How to Choose the Perfect Snowshoes

Gentle or Rolling Terrain

When heading into the woods and onto trails that won't be groomed, you'll need a pair of snowshoes with more aggressive crampons. Some more aggressive pairs also have crampons along the sides, known as traction rails, or on the tail. You might also want a heel lift, which you can engage or disengage depending on the terrain you'll be climbing. If you aren't sure what kind of trekking you'll be doing, opt for a shoe that has enough traction and versatility to cover both groomed and ungroomed terrain.

For deeper snow, you'll need a larger frame, slightly wider and longer in scope than what you'll target for trail walking. McCullough says to look for a pair that isn't so big that they bang together when you walk, but has enough flotation that you can easily traverse soft snow.

For any hike that will be a few hours or is on harder terrain think about using adjustable trekking poles for stability, and gaiters to help keep snow out of your boots.

Mountain or Heavy Snow Terrain

"This is when the different binding options come into play," McCullough says. "If you start climbing, there is a high probability that if your boot is not properly fixed into the binding, it will move around. You'll typically see a more aggressive, high-end binding on mountain snowshoes."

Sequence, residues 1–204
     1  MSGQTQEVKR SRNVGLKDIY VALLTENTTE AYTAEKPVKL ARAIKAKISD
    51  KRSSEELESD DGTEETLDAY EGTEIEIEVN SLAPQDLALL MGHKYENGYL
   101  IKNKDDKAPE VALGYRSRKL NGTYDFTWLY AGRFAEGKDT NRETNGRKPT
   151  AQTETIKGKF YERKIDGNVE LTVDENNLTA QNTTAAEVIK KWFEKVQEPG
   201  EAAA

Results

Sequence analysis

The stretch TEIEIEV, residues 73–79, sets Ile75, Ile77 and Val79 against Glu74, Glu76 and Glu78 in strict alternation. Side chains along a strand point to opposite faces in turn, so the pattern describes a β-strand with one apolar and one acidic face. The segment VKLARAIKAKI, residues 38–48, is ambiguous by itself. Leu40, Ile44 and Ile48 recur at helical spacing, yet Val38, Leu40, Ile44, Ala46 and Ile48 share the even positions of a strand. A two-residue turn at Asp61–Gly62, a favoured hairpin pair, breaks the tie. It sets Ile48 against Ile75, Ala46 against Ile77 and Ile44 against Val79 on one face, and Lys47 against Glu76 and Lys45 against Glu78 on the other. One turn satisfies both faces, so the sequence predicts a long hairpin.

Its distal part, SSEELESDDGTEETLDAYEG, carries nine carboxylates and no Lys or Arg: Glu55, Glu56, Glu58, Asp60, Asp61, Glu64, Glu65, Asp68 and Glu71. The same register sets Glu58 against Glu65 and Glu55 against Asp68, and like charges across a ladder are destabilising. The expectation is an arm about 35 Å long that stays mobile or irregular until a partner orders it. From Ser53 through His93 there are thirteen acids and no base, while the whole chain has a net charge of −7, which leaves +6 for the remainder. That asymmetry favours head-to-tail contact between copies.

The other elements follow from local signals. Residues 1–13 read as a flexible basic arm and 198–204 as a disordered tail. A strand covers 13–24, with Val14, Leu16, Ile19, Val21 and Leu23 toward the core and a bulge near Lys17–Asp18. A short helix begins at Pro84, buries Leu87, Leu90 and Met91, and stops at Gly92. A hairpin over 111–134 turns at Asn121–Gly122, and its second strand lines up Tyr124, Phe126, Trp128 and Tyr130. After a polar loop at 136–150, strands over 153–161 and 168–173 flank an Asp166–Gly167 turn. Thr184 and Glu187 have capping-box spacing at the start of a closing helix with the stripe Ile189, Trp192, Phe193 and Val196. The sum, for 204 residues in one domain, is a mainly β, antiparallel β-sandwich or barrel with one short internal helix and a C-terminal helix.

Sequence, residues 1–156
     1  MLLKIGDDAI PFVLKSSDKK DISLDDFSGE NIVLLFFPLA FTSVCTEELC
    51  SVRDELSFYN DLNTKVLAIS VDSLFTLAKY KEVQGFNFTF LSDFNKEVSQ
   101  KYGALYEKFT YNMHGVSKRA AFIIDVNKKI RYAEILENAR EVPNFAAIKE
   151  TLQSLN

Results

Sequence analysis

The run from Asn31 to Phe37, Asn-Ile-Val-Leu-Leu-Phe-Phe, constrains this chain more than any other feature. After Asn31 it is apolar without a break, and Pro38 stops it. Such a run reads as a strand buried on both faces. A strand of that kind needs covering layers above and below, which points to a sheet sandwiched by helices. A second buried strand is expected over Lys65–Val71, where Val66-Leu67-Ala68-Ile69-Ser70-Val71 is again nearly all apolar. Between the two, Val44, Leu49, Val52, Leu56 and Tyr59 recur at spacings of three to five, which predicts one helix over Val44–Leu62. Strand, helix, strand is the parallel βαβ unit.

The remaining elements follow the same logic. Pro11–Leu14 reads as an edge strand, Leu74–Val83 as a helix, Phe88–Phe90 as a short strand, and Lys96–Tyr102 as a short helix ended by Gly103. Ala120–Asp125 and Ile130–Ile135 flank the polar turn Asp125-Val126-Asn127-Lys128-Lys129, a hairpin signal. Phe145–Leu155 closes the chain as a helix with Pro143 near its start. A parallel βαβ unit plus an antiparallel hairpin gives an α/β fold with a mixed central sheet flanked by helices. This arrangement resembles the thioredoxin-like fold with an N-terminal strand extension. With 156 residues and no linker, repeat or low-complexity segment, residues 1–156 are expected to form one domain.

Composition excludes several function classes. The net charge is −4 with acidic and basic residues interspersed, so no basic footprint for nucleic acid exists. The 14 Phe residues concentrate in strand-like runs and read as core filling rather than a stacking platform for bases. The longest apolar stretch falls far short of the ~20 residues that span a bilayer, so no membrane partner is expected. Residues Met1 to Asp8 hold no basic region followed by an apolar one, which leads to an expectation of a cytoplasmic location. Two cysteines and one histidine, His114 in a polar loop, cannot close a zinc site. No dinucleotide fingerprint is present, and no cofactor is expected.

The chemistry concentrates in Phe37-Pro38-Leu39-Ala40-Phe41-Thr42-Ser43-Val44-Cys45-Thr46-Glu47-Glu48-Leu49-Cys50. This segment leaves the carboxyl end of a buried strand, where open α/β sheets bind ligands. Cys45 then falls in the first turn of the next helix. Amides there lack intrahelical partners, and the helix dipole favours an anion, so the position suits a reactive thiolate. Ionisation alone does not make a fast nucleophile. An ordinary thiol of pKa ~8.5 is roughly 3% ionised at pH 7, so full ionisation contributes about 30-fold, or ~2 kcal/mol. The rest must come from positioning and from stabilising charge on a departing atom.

Other differences include a heel lift for increased climbing performance and amped up bindings that will be more secure and durable to outlast nature's elements. You'll also see aggressive crampons underfoot, along the sides, and possibly beneath the tail for enhanced grip on inconsistent and side-hill terrain.

More: Tips for Winter Hiking

Running or Racing

If you run throughout the warmer seasons but can't get yourself to lace up in the winter months, don't forget that there are snowshoe races and run-specific snowshoes. Running or racing snowshoes are extremely light, have a smaller footprint, and a tapered tail so that you can run with a consistent stride and without the shoes clicking together. These speed series are meant to be worn with running shoes, not hiking boots.

More: Give Snowshoe Running a Try

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